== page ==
Following the mysterious death of their parents, a family of orphans move into a house in a small mid-west industrial town. David, the eldest, has taken on the responsibility of care for his siblings: twins, Darlene and Wendall, and Francis, the youngest. Things are not easy when you have lost both parents, and David is struggling to hold the family together. Francis is making a video about them all and harbours his own doubts – will they be able to stay together now that Mum and Dad are gone? Things are made even harder by the fact that Wendall has kidnapped two girls and is holding them captive in the basement of the house, where something hungry and maybe not human is also being kept under padlock and key.
Like Mum and Dad, The Hamiltons starts off resembling a piece of torture porn but emerges as a something else entirely. As in We Are What We Are the degeneracy of the Hamiltons is shown to be an extension of normal family values rather than a deviation from them. ‘The family that slays together stays together’ as it were.
At first it appears that Wendall alone is the cause of all the family’s problems, but the film reveals that there is more to it than that. He is hot-headed, compulsive, a sexual psychopath and David covers up for him, hiding the truth from the world in order to protect his siblings so that they can stay together. But then we begin to realise that David is more involved than we first thought – and shares in his brother’s bloodlust. David seeks out his own victims in the young men he lures home and buries under the house. And we already know that Darlene is one twisted sister and enjoys an incestuous relationship with her twin Wendall to boot.
Only Francis, the youngest, seems, at first, untouched by the family's pathology. He is just trying to figure out where he belongs. Camcording his siblings shows his alienation and his investigation into the nature of his family – and into his own nature. He can’t help but empathise with Sam, the only surviving girl in the cellar. Like Junior in Last House On The Left (1972) and Ruby in The Hills Have Eyes (1976) he represents the possibility of change, of breaking away from the family pathology. As far as Wendall is concerned Francis has yet to ‘pop’ his cherry – “We do what we do to survive”, Wendall tells him. The bleak barren industrial landscape corroborates his sentiment. In some respects The Hamiltons are just another family struggling to survive in modern America, and their attitude that ‘family comes first’, even if it is to the cost of society as a whole, is a peculiarly American one, redolent of the conservative values that persists in some parts. Francis, it seems, is going to be forced to make a choice: stay true to his family or stay true to himself.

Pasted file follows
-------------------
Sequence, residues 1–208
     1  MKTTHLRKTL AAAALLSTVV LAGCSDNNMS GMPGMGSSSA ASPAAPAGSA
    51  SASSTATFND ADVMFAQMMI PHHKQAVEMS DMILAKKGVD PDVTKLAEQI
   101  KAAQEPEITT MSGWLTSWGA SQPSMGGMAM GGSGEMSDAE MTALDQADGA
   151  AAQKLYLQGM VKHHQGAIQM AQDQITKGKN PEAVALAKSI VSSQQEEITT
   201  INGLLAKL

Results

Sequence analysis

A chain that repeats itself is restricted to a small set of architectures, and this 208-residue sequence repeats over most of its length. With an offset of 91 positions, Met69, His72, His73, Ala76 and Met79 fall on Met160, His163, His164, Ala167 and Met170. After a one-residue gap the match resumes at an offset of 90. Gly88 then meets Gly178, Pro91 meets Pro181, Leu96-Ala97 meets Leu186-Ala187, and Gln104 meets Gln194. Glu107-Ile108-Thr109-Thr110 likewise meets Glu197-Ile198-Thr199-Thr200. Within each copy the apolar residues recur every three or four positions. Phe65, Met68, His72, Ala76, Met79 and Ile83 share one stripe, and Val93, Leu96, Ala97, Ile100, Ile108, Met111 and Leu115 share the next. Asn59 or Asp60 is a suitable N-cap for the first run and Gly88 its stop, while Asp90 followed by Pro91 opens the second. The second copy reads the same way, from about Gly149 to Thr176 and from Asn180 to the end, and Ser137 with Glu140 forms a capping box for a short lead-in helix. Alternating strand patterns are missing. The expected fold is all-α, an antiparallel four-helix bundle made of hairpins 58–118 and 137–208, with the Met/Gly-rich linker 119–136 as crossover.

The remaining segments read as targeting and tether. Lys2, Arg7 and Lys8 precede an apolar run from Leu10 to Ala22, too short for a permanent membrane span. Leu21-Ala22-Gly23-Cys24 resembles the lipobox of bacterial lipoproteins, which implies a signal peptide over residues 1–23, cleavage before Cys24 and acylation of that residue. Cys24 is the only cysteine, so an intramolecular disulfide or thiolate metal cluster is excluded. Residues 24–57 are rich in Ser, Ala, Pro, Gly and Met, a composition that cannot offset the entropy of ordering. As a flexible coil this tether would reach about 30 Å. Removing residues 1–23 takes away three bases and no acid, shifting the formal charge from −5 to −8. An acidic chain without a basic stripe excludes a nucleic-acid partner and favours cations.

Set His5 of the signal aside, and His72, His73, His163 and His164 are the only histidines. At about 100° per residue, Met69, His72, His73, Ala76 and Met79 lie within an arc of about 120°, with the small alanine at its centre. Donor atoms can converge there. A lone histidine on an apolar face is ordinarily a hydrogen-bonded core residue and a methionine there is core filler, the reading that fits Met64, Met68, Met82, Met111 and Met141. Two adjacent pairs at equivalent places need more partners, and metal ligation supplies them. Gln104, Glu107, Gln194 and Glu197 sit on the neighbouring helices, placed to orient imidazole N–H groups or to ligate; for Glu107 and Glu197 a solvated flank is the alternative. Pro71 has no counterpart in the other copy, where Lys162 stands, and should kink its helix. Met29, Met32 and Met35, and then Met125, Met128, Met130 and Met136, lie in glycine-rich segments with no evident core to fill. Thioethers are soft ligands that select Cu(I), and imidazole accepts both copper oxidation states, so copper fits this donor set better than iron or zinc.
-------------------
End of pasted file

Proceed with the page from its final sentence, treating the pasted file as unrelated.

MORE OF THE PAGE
At least that is how it appears until he helps Sam to escape and we discover that it was the Hamiltons' father who first taught them how to take what they need from their victims. Francis battles his nature when he sees Sam is bleeding. “We’re born, not made” he tells her. But finally even Francis can’t fight against who, or what, he really is… and the creature in the cellar – Lenny – is another Hamilton...
In many ways The Hamiltons is part of the pastiche movement of the modern horror film. It resembles, in its harsh flatly-lit look, rough-hewn 1970s horrors like Three on A Meathook (1972) and Deranged (1974). After The Hamiltons, the Butcher Brother went on to remake Fred Walton’s 1986 April Fools Day, so they have a foot in the modern horror industry of remakes, pastiches and sequels. But overall this is more intelligent than the average pastiche. For the most part, The Hamiltons critiques the idea of family survival at any cost – presenting it as a pathology – a ‘feeding’ on the rights of others. The film falters, though, in its final reveal. Francis cannot change because of what is revealed as his ‘nature’. He must therefore accept who he is. The problem is that film then conveniently forgets the degeneracy of the family and asks us to sympathise with the Hamiltons who, after all, can’t help their nature and are ‘just trying to fit in.’ (It's interesting that David's homosexuality is coding for his sexual psychopathology, in contrast to Afredo's in We Are What We Are, which is presented as a potential road to liberation from the repression of his degenerate family.)
Shame that The Butcher Brothers ultimately settle for the more conservative message: perhaps they will subvert it in their proposed sequel – The Thompsons. I have yet to see The Violent Kind (2010) but I would say on the back of this horror debut that The Butcher Brothers are among the most interesting horror directors around at the moment.